Cre­ator of McDon­ald’s flag­ship sand­wich, the Big Mac, dies

Daily Freeman (Kingston, NY) - - OBITUARIES - By Joe Man­dak

You prob­a­bly don’t know his name, but you’ve al­most cer­tainly de­voured his cre­ation: two all­beef pat­ties, spe­cial sauce, let­tuce, cheese, pick­les, onions, on a sesame seed bun.

Michael James “Jim” Del­li­gatti, the McDon­ald’s fran­chisee who cre­ated the Big Mac nearly 50 years ago and saw it be­come per­haps the best-known fast-food sand­wich in the world, died Mon­day at home in Pitts­burgh. Del­li­gatti, who ac­cord­ing to his son ate at least one 540-calo­rie Big Mac a week for decades, was 98.

Del­li­gatti’s fran­chise was based in Union­town, not far from Pitts­burgh, when he in­vented the chain’s sig­na­ture burger in 1967 af­ter de­cid­ing cus­tomers wanted a big­ger sand­wich. De­mand ex­ploded as Del­li­gatti’s sand­wich spread to the rest of his 47 stores in Penn­syl­va­nia and was added to the chain’s na­tional menu in 1968.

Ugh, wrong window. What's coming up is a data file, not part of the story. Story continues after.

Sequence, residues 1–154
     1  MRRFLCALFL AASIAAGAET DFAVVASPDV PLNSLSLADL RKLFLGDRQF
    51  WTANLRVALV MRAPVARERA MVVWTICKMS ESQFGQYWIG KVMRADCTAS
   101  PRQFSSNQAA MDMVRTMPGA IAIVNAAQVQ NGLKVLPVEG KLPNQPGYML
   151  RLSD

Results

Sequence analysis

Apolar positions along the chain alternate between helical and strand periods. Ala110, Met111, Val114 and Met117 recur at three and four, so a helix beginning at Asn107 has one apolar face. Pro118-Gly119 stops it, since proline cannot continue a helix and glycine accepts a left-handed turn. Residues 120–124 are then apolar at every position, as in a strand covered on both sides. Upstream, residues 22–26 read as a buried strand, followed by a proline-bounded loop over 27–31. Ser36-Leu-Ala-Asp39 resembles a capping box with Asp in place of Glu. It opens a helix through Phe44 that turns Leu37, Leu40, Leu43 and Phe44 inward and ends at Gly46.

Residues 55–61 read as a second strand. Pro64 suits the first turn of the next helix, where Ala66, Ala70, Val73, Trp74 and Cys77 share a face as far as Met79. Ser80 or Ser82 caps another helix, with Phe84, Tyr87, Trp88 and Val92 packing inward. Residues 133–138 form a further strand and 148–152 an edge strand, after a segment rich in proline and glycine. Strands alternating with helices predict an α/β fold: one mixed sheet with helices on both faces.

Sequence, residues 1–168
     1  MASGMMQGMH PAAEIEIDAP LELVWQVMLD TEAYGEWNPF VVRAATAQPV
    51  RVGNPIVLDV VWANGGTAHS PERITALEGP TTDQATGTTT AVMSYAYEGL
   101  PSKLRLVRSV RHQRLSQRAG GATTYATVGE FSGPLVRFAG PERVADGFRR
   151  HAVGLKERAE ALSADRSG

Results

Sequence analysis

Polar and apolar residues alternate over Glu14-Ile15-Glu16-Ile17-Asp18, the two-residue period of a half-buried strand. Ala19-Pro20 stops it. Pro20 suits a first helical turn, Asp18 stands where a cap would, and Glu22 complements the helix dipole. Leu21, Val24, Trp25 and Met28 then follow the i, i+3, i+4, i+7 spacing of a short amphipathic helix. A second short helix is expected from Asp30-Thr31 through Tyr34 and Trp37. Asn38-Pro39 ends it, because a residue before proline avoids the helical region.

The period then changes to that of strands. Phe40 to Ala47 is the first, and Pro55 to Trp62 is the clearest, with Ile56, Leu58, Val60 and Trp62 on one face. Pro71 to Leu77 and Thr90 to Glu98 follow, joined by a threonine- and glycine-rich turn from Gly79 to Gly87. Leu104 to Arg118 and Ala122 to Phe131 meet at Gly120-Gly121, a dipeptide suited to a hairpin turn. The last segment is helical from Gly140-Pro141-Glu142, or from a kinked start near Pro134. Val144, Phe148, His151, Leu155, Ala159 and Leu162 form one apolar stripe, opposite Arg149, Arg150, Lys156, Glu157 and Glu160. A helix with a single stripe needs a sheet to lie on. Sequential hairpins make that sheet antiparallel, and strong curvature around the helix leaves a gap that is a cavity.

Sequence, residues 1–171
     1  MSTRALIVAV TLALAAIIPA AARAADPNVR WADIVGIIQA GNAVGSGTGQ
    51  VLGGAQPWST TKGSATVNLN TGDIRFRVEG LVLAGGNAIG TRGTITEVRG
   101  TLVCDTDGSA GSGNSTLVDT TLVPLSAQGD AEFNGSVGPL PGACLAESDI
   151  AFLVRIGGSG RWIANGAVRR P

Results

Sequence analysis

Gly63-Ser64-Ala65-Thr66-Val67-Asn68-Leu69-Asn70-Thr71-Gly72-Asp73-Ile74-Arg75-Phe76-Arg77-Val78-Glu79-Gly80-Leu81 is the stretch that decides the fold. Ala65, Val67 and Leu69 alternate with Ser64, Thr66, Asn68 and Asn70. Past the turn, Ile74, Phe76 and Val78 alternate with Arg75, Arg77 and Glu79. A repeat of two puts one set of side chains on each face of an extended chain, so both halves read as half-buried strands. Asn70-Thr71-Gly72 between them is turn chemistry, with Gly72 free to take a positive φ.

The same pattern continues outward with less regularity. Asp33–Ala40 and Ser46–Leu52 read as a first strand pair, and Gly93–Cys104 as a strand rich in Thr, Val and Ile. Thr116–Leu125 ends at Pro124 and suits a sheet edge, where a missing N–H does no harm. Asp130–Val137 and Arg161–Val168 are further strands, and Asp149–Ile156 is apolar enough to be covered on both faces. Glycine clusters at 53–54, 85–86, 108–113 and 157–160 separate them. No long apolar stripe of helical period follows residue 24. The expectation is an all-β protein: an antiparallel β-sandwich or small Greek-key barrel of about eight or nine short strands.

“He was of­ten asked why he named it the Big Mac, and he said be­cause Big Mc sounded too funny,” his son Michael Del­li­gatti said.

How­ever, McDon­ald’s in 1985 hon­ored Es­ther Glick­stein Rose with com­ing up for a name for the burger and pre­sented her with a plaque etched with a like­ness of the best-sell­ing sand­wich and french fries be­tween the Golden Arches.

AP FILE

Big Mac cre­ator Michael “Jim” Del­li­gatti.

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